On the heels of the five-part, six-series superhero crossover event Crisis on Infinite Earths, the CW is adding a brick to its other set of interconnected shows. Katy Keene premieres tonight, joining Riverdale and The Chilling Adventures of Sabrina (which is a Netflix series, but shares showrunner Roberto Aguirre-Sacasa) as the third show in the Riverdale-verse.
Despite oblique references to each other, Riverdale and The Chilling Adventures of Sabrina and haven't made the leap to full-fledged crossovers (and aren't likely to, given that they reside on different networks), so when Katy Keene was first announced, it appeared to be the best opportunity yet to begin swapping characters around for heavily-promoted team-ups -- especially since Josie (of "Josie and the Pussycats" fame) gets ported over from the halls of Riverdale High. Yet a smart decision will make it more difficult for the show to fall back on the same type of crossovers the network has relied on within the Greg Berlanti-verse: Keene will take place five years beyond Riverdale's current timeline.
While existing characters may make winking appearances on the two shows — as they already did last night when Riverdale's Veronica Lodge visited New York for a college interview — Katy Keene's futuristic setting assures that producers will be forced to avoid arbitrary reasons for characters to randomly interact in order to juice ratings.
The interconnected DC shows have been doing steady crossovers between an escalating number of shows for a half a decade now, and while imagining a bunch of disparate superheroes on different Earths casually being friends and calling each other in to save the day is really cool, after so many team-ups or pop-ins, it strains credulity within is own universe, let alone ours. (Especially when it exists in a narrative vacuum that gets reset at the end of said crossover.)
Katy Keene's five-year time jump, while admittedly not as massive as people literally living on different planets, provides a built-in barrier to lazy storytelling moves. You want Archie Andrews in New York five years in the future? Then that idea must begin with a reason why. What led him to go there? What kind of character growth has he gone through in the intervening years? What sort of insight or growth are we supposed to gain from his appearance? That sounds like a lot to ask, but it can all be taken care of in a scene or two without overwhelming the entire episode's purpose. But the show does have to think about it, rather than simply saying Archie was just stopping by on a drive from Riverdale to Boston for a trip that never gets developed further.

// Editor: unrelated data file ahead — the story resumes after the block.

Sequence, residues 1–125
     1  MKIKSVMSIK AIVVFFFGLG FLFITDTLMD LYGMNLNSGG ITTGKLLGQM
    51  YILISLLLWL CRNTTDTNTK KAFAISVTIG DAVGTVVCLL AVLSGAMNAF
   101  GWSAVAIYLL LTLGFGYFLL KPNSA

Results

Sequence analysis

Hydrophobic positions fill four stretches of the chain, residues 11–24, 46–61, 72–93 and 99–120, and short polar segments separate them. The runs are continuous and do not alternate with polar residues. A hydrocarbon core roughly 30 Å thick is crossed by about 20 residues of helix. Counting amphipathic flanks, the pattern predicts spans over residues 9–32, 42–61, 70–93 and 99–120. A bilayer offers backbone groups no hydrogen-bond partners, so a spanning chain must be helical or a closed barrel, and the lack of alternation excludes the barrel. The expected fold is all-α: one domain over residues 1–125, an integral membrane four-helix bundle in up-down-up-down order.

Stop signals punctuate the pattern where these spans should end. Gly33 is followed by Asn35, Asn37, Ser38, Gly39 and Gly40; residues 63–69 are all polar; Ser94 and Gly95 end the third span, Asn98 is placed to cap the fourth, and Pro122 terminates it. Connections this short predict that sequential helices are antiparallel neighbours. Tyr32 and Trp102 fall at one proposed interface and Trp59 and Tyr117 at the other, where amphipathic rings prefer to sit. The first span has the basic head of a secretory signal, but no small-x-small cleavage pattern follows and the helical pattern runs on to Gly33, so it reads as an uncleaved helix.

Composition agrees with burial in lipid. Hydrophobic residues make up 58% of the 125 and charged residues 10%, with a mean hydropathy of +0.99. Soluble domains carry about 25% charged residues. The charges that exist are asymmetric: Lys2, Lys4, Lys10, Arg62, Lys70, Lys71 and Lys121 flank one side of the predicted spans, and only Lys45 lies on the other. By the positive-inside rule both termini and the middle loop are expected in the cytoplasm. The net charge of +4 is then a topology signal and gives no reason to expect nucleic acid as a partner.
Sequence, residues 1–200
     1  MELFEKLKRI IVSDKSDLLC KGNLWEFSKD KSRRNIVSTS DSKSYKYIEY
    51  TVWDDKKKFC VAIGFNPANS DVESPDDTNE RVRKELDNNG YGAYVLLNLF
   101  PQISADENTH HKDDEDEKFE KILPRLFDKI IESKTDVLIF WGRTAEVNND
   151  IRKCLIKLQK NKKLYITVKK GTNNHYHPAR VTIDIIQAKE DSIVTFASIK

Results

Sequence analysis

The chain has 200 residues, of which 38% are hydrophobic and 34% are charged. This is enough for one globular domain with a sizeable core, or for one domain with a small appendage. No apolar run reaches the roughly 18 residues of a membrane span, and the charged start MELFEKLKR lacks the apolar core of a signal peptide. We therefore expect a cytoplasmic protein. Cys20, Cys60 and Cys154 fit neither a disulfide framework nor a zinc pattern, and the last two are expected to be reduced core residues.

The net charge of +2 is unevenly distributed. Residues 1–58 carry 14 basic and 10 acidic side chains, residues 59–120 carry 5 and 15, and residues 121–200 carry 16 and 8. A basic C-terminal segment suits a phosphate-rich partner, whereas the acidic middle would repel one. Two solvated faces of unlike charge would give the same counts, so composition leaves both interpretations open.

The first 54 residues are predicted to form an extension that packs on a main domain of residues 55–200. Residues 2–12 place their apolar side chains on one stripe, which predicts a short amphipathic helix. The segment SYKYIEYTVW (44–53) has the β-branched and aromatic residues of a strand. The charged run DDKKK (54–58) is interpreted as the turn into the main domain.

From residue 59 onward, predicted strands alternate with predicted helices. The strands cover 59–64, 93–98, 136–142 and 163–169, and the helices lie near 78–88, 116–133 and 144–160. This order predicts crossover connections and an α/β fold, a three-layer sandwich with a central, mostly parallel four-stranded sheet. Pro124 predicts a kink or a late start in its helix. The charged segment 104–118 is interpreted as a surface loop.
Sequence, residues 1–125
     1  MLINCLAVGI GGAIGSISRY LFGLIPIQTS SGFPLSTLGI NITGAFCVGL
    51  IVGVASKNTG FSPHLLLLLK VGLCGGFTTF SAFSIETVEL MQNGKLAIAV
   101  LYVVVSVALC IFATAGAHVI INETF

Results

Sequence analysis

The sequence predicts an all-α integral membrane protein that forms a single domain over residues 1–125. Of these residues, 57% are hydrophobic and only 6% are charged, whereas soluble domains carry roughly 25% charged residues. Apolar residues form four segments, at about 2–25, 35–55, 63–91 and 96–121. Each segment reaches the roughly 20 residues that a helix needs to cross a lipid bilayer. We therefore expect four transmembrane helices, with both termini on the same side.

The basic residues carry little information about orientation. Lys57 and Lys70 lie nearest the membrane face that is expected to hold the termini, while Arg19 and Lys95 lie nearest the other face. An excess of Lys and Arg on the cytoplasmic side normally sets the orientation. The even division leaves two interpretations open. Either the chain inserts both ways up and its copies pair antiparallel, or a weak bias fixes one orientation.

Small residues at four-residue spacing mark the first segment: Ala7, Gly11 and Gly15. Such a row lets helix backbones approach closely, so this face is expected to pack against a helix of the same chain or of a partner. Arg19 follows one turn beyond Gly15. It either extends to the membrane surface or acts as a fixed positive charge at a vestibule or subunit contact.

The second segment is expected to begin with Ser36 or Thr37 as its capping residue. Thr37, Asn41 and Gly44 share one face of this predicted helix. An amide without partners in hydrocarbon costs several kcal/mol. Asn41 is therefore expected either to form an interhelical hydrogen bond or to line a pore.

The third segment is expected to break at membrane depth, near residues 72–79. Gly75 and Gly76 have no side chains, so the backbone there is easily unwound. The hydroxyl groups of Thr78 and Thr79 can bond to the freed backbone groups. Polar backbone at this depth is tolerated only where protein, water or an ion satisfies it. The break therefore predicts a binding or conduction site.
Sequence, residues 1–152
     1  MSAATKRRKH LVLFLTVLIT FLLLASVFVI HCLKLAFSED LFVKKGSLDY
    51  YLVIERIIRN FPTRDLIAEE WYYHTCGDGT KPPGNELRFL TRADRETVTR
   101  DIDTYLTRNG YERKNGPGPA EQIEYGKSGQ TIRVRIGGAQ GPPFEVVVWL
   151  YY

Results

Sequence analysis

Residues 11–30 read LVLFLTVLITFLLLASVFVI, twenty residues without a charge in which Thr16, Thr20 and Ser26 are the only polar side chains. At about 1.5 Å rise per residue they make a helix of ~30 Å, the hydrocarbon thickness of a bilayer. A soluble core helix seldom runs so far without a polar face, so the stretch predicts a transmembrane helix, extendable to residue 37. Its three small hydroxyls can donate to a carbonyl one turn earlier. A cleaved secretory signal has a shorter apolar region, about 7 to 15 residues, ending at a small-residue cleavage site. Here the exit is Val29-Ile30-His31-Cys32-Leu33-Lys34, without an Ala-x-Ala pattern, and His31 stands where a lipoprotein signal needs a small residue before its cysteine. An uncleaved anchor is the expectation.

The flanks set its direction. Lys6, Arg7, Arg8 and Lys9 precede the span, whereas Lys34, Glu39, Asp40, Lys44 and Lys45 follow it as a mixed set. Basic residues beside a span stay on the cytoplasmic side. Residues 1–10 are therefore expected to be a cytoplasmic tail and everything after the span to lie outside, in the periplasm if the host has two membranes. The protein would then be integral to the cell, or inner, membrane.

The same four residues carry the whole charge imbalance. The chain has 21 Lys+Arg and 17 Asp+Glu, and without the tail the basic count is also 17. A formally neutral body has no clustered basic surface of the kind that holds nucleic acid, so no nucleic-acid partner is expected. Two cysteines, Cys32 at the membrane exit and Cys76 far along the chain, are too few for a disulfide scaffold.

Having to explain what happened in a five-year interim for a character that is still in their “present” on an ongoing show opens up interesting storytelling tricks. Riverdale loves a good plot tease, and what better way to hint at a possible tragedy or major life event than having characters obliquely reference them. Are Veronica and Cheryl Blossom widely-known rum distillers with an office in Midtown? Has Archie grown his family's construction business enough that they won a bid for a job in Queens? Any of those would be better than an "event episode" in which a few characters attending Yale hop on the Metro-North for a night out in the city.
This choice also has the inherent side effect of forcing more realistic storytelling. Once people leave high school and enter the real world, more often than not, they lose touch. Committing to the idea that no, Josie and Archie or Katy and Veronica probably aren't hanging out that often as they figure out their own adulthoods is far more true-to-life than the normal TV treatment of everybody staying in close contact throughout college, or magically reuniting afterwards. While that's a necessity within shows, as it makes sense that Riverdale can't very well have it's core characters separated for years on end, a sense of reality between characters in the same universe but in different shows or cities is a refreshing concept.
Aguirre-Sacasa's shows have largely avoided flat story decisions in the past (one of them deals with Satanic connections and a witch boarding school, while the other once had a character getting mauled by a bear and almost dying), so this opportunity is well within the writing room's wheelhouse. It doesn't even require a hard and fast commitment to circle back to specific character developments in other shows once they're mentioned in Keene, but it opens up the opportunity to do so if it things fall into place.
It could end up that Riverdale renders this entire situation moot by also instituting a five-year time jump at the end of its current season as that show's main cast members graduate from small town life, go off to college, and begin their lives in places like… New York City. It cerainly wouldn't be the first show to do so — One Tree Hill and Pretty Little Liars are just a couple that have instituted big time skips instead of suffering through the college years. It's probably the move that makes the most sense, long-term. But it's not the most exciting possibility.
Crossovers that take place across different Earths and timelines? That's been done. Crossovers where all the characters are living on the same timeline but we're seeing it out of order? That's storytelling to strive for. Time will tell if Katy Keene and Riverdale go there.
Katy Keene premieres Thursday February 6th at 8:00 PM ET on The CW.
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Whitney McIntosh has written about television, sports, and pop culture since 2012. For sometimes-intelligent thoughts on all of these, you can follow her on Twitter
TOPICS: Katy Keene, The CW, Riverdale, Greg Berlanti, Roberto Aguirre-Sacasa